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“Spinning Gold from Family Hay” by Nancy Pauline Simpson

Nancy Pauline Simpson is the author of B.O.Q. and Tunnel Vision (an updated edition of which is now available electronically from all e-book retailers). Here she talks about the inspiration for her story “Rough-Hewn Retribution” (from the March/April issue), and the development of the story’s characters, Miss Halzetine Polk and Deputy Sheriff Stickley.

All families come equipped with stories and a lot of those stories include a mystery. Whether those stories get passed on depends more on the number of raconteurs a family produces than the number of babies. In the case of my family, a particular spot in central Alabama and the time popularly known as “The Downton Abbey” era produced a glut of raconteurs. In England, that era represented the lull before the storm of World War I. In the Southern United States, it was the lull between storms, one of which was still rumbling in a lot of people’s living memory. Under seemingly still waters ran a class system based on race. The peculiar interdependency of Blacks and Whites generated family stories that can lead a writer in fictional directions that just wouldn’t be credible in another setting.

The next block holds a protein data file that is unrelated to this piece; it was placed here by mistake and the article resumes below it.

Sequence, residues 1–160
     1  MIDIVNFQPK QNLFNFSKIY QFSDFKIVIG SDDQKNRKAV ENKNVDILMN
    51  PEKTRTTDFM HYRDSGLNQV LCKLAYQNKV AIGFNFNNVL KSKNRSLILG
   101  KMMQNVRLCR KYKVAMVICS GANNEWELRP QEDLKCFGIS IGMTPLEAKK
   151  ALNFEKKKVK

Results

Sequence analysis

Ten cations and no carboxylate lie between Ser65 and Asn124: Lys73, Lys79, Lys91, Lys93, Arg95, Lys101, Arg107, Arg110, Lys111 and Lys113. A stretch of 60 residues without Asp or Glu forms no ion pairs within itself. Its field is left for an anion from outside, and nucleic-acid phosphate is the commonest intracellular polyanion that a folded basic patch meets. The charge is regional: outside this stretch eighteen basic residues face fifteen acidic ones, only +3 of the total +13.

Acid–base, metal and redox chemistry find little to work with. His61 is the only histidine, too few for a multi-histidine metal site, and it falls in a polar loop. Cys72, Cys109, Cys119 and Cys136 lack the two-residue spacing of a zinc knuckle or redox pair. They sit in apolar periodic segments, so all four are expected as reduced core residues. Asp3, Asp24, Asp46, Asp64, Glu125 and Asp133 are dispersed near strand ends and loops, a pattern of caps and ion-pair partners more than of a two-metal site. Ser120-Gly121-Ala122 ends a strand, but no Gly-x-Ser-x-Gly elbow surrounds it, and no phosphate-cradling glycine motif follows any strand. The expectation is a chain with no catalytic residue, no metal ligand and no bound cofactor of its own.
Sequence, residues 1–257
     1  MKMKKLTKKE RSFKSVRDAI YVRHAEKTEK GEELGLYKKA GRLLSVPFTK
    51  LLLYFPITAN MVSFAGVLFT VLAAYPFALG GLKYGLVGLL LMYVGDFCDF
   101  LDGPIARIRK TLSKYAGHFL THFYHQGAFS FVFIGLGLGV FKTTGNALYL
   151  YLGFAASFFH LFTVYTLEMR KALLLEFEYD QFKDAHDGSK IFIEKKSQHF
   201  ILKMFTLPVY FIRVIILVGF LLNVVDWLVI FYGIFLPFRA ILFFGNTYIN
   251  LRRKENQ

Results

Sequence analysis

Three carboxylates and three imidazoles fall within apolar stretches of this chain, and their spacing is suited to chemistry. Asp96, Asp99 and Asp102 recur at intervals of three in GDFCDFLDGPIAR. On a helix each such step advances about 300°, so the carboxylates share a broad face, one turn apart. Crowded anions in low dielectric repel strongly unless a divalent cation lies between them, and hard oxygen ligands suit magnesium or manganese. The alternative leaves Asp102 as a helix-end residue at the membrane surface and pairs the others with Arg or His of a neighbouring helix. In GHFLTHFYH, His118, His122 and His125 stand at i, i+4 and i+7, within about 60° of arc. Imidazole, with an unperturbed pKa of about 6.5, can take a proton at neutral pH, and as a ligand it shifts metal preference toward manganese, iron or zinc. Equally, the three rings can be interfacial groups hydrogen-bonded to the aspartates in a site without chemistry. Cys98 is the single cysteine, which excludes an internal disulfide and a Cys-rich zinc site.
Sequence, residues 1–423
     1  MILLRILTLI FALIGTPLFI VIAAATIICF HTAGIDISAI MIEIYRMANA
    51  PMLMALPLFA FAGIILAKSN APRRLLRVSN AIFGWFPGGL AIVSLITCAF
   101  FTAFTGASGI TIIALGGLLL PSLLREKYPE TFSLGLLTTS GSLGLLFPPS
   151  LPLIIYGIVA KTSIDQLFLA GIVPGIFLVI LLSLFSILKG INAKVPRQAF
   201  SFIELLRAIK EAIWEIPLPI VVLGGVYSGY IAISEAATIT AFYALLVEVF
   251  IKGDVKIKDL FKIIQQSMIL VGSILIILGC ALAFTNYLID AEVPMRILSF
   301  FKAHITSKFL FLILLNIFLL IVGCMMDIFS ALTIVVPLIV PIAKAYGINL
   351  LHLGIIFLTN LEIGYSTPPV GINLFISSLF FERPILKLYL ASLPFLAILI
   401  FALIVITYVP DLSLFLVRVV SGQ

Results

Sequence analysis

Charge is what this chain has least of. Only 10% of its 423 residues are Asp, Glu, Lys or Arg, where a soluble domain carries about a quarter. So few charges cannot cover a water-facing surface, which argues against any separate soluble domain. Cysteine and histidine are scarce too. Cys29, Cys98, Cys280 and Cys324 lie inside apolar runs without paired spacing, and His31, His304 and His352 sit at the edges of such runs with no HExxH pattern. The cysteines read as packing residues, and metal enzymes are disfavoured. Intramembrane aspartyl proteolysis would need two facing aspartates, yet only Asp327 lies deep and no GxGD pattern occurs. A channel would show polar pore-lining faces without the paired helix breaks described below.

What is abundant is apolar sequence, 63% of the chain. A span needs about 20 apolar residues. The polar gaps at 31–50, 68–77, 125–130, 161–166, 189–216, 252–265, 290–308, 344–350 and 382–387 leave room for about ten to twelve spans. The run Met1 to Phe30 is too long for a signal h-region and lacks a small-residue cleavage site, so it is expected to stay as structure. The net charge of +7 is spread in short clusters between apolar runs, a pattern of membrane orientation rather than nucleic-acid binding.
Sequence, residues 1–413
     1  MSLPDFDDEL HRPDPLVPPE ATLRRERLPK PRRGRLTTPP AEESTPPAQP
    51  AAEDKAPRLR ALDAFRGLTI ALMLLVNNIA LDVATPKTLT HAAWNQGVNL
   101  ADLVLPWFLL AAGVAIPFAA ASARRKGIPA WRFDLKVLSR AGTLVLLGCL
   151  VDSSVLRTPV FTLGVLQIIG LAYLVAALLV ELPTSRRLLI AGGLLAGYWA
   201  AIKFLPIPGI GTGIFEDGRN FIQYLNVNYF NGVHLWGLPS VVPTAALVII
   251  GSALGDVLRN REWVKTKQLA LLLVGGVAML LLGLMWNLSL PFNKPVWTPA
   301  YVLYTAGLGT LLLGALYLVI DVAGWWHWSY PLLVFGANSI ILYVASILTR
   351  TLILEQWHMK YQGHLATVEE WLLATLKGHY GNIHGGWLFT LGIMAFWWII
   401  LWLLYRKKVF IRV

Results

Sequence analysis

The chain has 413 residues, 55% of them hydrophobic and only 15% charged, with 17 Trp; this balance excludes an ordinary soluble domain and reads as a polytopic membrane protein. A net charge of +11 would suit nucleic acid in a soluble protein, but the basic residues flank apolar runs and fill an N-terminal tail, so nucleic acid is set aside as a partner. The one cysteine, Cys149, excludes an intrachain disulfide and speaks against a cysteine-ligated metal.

One of my family’s stories was the jumping-off point for “Rough-Hewn Retribution.” (Other stories served the same purpose for two earlier AHMM stories with the same setting.) I’d heard the basics—a hotel porter reporting his suspicions about a traveling salesman to his employer, leading to extreme consequences—multiple times. Three generations from the original version, I have no way of knowing what, if any, of it was true. But, since anybody who could verify any part of the story is long dead by now, I felt free to let my imagination fill in the plot details.